Sometimes I find myself inspired by the smallest things… finding an obscure ingredient sends me on a frenzy of recipe searches, seeing some old, obviously ethnic looking lady, pick through a pile of ordinary food stuffs to find a perfect one, makes me want to imitate her wisdom and knowledge when it comes to ingredient picking…
This time it was simply colors, the way the light hit the vegetable stand, elevating the most ordinary roots to the picture perfect palate of colors… There were carrots of all shapes and sizes from strange looking purple to pale whites, which looked more like parsley roots. I really liked to little round orange ones, I think they match my hair the best.
Carrots are the simplest of things. We don’t give them much thought, too plain to be part of gastronomic greatness. I recently read an article that said that carrots are not good for bunnies as they are too high in sugar, go figure as it has been a staple of human diet plans since the day of the flood. Will carrots be exiled to the land of baby food and Bugs Bunnies forever?
Carrots we eat today have very little to do with the wild carrot plant that is estimated to be 10000 years old. Edible carrot roots originated in the Middle East and were mostly harvested for the medicinal purposes found in the seeds. And they were not orange… purple mostly, maybe on occasional pale yellow or white… but definitely not the distinctively carrot color we know today. The orange carrot was cultivated in Europe long after the carrot has spread around the world. And apparently there are many different types of carrots, distinguished not just by their color but by shape and even taste. Some are sweeter and tenderer than other, some are pleasantly bitter, some stand up to the cooking and some fall apart at the slightest application of heat. And they are all delicious, and if you are not a rabbit, they are good for you as well.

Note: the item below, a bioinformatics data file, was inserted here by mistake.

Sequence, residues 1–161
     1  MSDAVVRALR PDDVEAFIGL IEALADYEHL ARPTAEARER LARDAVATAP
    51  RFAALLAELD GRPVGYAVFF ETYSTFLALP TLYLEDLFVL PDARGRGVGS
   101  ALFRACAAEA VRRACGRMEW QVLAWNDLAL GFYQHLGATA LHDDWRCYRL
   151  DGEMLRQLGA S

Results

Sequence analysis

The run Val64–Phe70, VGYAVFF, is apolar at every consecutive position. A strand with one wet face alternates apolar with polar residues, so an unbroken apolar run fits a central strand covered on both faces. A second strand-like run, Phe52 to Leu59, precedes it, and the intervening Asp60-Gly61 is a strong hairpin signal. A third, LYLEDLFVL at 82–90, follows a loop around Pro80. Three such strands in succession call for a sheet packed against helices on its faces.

The most sold vegetable in the United States (are you ready?) is FROZEN medley of peas and carrots. And if I can sort of understand the frozen peas thing (they are only available for a short period of time in most places and you do have to (Oh, my God!) shell them by hand), I can never understand using the mushy frozen carrots… The look, texture, smell and the whole experience would send me straight to 1950s and it’s the frozen TV dinner horror (which they still sell because apparently someone is buying this stuff!).
Since I couldn’t resist buying all color carrots at the market, and had to figure out what to do with them quickly, I had the "What's up Doc?" moment. You know the one where the Bugs Bunny has a revelation in the cartoon?...ok, never mind...
I decided to change up a retro recipe to contradict everything that we would expect from vintage peas and carrots side dish. I wanted to elevate the sweetness of the carrot itself, the grassiness of the carrot tops and I just wanted to give this classic a new life.
Caramelized maple carrots with fresh peas.
10 carrots all sizes, colors and shapes ( You should cut the bigger ones and leave the thinner smaller ones whole, the idea is to have them almost the same size so that they cook pretty evenly)
2 cups of fresh shelled peas blanched for 7-10 seconds in salted water and cooled in an ice bath.
A generous handful of carrot top greens blanched and cooled in an ice bath. You can do it together with the peas.
1 tbs of chopped parsley
1/2 tbs of chopped mint
3 tbs brown sugar
3 tbs maple syrup (Grade B is nice here it has deeper flavor)
3 tbs of butter
1 tsp of sale de gris or another crunchy coarse salt
Rinse and peel the carrots. Preheat a heavy bottom skillet to medium heat. Add the brown sugar, maple syrup and 1 tbs of butter. Stir to combine and cook undisturbed until a thin caramel begins to form. Add your carrots and toss them in the caramel. Add ½ of the salt. Cook a few minutes, adding the rest of the butter, until the carrots just begin to soften, but are still very crunchy and caramel starts to thicken up. Turn off the heat and let the carrots cool slightly.
Chop the carrot top greens, parsley and mint. Combine the caramelized carrots, peas and herbs and toss to combine. Finish with the rest of the coarse salt. Serve slightly warm or at room temperature.